Great weekend here in the Front Range; Broncos DESTROYED the raiders, spent 12 excellent hours in Dr. Slosberg’s Validating Chiropractic seminar, and most importantly my sister gave birth to her second child, Paige Lynne Korns!
Cannot wait to meet her at Christmas!
The seminar I attended showcased hundreds of peer-reviewed resources that validate the efficacy of chiropractic. It was wonderful seeing the quantitative benefit of this great profession. I was very happy that the importance of exercise was also stressed and the driving home point was that in order to provide our patients with lasting benefits, these forms of therapy must be combined. I especially got a kick out of seeing a group of thirty chiropractors practicing the hip hinge, though a bit saddened to learn that this was completely new movement for a bulk of them, and here is why.
The hip hinge is an excellent movement that strengthens and protects the low back. The hip hinge is a prime movement ala kettlebell swing, deadlift, and proper squatting. This movement trains the lumbar multifidi (amongst other) muscles which is the largest muscle that crosses the L/S and SI and is responsible for 2/3rds of the lumbar spine stability(1). If you are spine hinging (as most people are), then you are putting yourself at much great risk for ‘blowing’ out the low back. If you have no idea what a hip hinge is or just need a refresher, call us at 303-300-0424 or visit DenverBack.com and we can help!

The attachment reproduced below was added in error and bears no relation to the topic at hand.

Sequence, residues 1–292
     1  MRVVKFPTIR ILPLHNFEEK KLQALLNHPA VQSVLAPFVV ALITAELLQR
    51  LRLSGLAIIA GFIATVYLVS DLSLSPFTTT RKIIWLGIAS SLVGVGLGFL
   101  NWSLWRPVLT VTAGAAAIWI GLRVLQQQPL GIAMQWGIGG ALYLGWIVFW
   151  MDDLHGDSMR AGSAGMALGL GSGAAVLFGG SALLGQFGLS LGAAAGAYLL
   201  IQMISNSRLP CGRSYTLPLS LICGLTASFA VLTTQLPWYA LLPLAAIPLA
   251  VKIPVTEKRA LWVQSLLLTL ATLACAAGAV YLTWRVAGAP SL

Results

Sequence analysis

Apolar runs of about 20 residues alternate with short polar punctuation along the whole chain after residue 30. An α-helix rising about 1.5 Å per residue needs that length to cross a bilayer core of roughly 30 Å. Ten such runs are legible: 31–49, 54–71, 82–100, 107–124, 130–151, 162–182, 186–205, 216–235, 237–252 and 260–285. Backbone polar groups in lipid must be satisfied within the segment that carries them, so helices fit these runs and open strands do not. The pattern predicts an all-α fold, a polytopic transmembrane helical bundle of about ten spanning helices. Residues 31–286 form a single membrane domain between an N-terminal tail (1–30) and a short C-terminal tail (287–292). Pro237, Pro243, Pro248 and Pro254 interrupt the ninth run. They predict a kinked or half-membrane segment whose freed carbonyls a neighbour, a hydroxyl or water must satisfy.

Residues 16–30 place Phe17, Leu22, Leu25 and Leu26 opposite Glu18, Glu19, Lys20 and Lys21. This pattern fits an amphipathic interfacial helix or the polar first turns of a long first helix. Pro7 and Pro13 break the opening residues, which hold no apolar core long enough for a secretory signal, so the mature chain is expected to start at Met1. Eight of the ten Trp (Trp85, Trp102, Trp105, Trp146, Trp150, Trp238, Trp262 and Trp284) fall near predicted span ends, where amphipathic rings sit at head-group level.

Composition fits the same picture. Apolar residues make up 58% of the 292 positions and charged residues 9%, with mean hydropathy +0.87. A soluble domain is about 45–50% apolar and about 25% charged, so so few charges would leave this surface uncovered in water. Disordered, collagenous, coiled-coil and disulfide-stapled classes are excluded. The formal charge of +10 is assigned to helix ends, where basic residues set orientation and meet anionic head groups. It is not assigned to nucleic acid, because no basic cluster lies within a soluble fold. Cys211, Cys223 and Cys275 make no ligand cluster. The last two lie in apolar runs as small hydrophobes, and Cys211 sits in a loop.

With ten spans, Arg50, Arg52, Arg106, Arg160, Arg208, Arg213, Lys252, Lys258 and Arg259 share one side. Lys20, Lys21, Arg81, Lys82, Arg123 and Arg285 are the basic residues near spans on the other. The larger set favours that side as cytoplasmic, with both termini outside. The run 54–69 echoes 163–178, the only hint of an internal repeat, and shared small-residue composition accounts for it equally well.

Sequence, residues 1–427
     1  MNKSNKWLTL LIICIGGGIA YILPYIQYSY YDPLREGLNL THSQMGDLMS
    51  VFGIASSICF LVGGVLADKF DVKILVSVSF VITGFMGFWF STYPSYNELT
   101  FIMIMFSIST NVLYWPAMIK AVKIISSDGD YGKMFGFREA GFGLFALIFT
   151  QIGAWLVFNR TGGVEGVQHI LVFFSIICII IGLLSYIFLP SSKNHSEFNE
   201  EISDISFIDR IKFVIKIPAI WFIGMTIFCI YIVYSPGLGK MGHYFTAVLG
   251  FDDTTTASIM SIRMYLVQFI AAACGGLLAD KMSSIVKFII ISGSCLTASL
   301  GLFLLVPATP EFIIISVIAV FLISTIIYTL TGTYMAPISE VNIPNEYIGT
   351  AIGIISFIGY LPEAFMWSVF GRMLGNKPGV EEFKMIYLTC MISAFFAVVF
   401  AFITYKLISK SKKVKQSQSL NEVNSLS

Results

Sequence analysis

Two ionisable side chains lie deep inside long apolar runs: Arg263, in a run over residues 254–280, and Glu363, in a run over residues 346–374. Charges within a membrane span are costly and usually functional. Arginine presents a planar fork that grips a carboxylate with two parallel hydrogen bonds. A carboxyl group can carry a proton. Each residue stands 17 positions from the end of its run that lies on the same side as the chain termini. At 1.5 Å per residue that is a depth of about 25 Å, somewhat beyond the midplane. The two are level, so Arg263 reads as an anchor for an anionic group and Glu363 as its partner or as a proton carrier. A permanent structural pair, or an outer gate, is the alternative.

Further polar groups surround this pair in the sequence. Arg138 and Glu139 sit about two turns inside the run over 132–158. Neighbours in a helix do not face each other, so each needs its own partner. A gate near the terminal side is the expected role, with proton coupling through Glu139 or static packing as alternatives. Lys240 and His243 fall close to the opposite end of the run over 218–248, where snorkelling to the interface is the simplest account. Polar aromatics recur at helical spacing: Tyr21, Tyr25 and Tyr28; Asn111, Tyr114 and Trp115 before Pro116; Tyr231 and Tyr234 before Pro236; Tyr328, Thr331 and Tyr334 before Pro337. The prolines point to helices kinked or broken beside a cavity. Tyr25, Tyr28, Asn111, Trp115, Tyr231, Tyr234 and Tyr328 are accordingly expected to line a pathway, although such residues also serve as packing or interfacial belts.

(1)- Hebert JJ, DC, PhD, et. al. PostoperativeRehabilitation Following Lumbar Discectomy With Quantification of Trunk Muscle Morphology & Function: A Case Report and Review of the literature. JOSPT 2010; 40(7):402-412
A) 28kg KB Press 5×3/arm
28kg KB Clean & Squat 5×3/arm
28kg KB Hardstyle Swing 5×15
B) 12kg KB OH squat 3×3/arm
12kg KB TGU 3×1/arm
C) 28kg KB Contra Lunge 3×3/leg
28kg KB Contra SLDL 3×3/leg
D) Front Plank 5×10 sec
Side Plank 5×10 sec/side